Between the hormone and antibiotic exposure, that’s enough to keep us away from yogurt, but the sugar content is something else we need to touch upon.

If you are consuming a flavored yogurt, chances are you are getting an average of at least 10 grams of sugar in that one cup of yogurt, and some yogurts can pack in over 20 grams of sugar! The worst part is that the ones that are marketed as being the “healthiest” option because they are fat-free or “weight loss friendly: are often loaded with more sugar than some of the others to make up for the lost flavor when the fat is stripped from the product.

Don’t fall for the yogurt trick. If yogurt is a regular staple in your diet and you just couldn’t imagine living without it, make sure your yogurt is low in sugar or contains none at all, and make sure it comes from antibiotic-free cows (or coconut).

6. Agave.

Although commonly referred to as a healthy sugar alternative, agave may not be healthy after all. Despite the fact that this sweetener may appear to be a more “natural” option, it’s still packed with sugar. In fact, agave is nearly 90 percent fructose. The issue with fructose is that we are consuming so much more of this “fruit sugar” than we did years ago. Unfortunately, the fructose we are getting in our diets is coming from refined foods, which can be detrimental to our liver.

The liver uses fructose to create fat. When the liver is inundated with fructose from foods rich in this sugar, the fat can then accumulate in the liver. When there is too much buildup, it can lead to nonalcoholic fatty liver disease, which is something we are seeing more and more today.

7. Granola bars.

Granola bars wind up on this list for a couple of reasons. For one, granola bars tend to be very high in sugar, whether this is cane sugar or even natural sweeteners such as agave or raw honey. No matter what type of sweetener is used, remember that too much of even a good thing is not healthy for us.

Secondly, granola bars also typically contain some type of grain, which we now know can be problematic for some people. Instead of snacking on granola bars, try making a homemade trail mix with some almonds, walnuts, raw cocoa nibs, and pumpkin seeds. You’ll avoid the added sugar and unnecessary ingredients and fuel your body with healthy fat and plant-based protein at the same time.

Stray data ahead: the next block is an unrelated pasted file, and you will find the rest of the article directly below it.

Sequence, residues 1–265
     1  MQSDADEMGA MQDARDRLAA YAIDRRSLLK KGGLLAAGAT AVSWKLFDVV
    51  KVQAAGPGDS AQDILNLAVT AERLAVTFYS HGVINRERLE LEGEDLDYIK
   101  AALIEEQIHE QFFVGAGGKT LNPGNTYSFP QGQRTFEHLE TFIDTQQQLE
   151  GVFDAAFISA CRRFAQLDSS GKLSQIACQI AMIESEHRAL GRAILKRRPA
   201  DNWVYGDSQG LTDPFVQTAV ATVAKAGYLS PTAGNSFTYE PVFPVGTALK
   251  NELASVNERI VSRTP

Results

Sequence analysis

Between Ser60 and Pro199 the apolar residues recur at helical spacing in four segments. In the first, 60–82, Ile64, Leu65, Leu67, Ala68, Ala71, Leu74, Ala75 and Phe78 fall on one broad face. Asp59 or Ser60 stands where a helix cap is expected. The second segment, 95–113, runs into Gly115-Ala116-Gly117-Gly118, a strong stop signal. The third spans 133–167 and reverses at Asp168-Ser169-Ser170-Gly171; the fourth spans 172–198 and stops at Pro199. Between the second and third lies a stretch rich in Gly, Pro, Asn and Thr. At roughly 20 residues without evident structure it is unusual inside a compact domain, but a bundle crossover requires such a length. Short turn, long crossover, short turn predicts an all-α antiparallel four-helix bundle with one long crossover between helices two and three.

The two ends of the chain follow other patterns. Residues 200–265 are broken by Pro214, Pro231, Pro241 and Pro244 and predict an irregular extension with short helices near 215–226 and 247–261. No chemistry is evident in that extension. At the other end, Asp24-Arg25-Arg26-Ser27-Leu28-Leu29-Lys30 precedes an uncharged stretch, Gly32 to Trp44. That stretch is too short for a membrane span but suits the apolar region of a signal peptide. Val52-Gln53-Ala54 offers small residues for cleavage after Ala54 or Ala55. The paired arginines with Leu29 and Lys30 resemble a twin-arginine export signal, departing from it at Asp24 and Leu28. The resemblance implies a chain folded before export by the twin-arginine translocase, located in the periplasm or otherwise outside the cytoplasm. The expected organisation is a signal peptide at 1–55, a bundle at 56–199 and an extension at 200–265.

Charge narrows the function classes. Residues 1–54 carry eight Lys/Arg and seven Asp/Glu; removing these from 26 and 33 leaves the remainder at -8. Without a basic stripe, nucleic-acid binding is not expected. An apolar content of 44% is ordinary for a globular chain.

8. Cereal.

You know that bowl of cereal you have been starting your day with? As it turns out, it could be causing inflammation. Similar to granola bars, cereal can be packed with sugar and grains, both of which can cause inflammation.

Did you know that EWG.org found that 92 percent of cold cereals in the United States come with added sugars? That means that each time you purchase a box of cereal (even if it’s a so-called healthy kind), it’s almost guaranteed that you are going to start your day with excess sugar. Excess sugar consumption has been linked to inflammation, and studies have shown that there is a clear relationship between sugar consumption and having an increased risk of cardiovascular disease.

9. Granola.

Granola is another major source of sugar, which you now know is a major trigger of both inflammation and even a potential cause of disease. Granola products marketed for children appear to be the worst, and they have been found to add more than 2½ teaspoons of sugar per serving! Keep in mind that most people will consume more than one serving in one sitting, so that’s adding in multiple teaspoons, maybe even tablespoons of sugar before your day even gets started.

This is a major problem because sugar is found in just about everything, and what appears to be small amounts adds up quickly, as does the inflammatory effects it has on the body. Try my version of a healthy granola here!

10. Bottled juices.

You know those bottled green or fruits juices and smoothies you find at stores that have beautiful labels and look “natural” and “healthy”? Unfortunately, we need to do a little detective work to truly decide if these drinks really are a health food or not, and more times than not if it’s found in a bottle at the grocery store there are going to be some added ingredients and some amount of added sugar in that bottle.